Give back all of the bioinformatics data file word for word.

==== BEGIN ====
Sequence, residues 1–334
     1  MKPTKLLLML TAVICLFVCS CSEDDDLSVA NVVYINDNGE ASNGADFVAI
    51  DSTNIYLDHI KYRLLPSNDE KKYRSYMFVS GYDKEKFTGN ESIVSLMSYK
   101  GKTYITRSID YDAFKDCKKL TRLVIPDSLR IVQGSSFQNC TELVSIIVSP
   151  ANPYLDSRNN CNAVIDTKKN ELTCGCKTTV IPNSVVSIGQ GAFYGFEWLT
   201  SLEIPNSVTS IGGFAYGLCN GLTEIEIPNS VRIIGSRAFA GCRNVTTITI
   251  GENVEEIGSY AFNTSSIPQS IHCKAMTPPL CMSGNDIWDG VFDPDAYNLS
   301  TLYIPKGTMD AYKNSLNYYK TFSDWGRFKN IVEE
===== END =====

Sequence, residues 1–334
     1  MKPTKLLLML TAVICLFVCS CSEDDDLSVA NVVYINDNGE ASNGADFVAI
    51  DSTNIYLDHI KYRLLPSNDE KKYRSYMFVS GYDKEKFTGN ESIVSLMSYK
   101  GKTYITRSID YDAFKDCKKL TRLVIPDSLR IVQGSSFQNC TELVSIIVSP
   151  ANPYLDSRNN CNAVIDTKKN ELTCGCKTTV IPNSVVSIGQ GAFYGFEWLT
   201  SLEIPNSVTS IGGFAYGLCN GLTEIEIPNS VRIIGSRAFA GCRNVTTITI
   251  GENVEEIGSY AFNTSSIPQS IHCKAMTPPL CMSGNDIWDG VFDPDAYNLS
   301  TLYIPKGTMD AYKNSLNYYK TFSDWGRFKN IVEE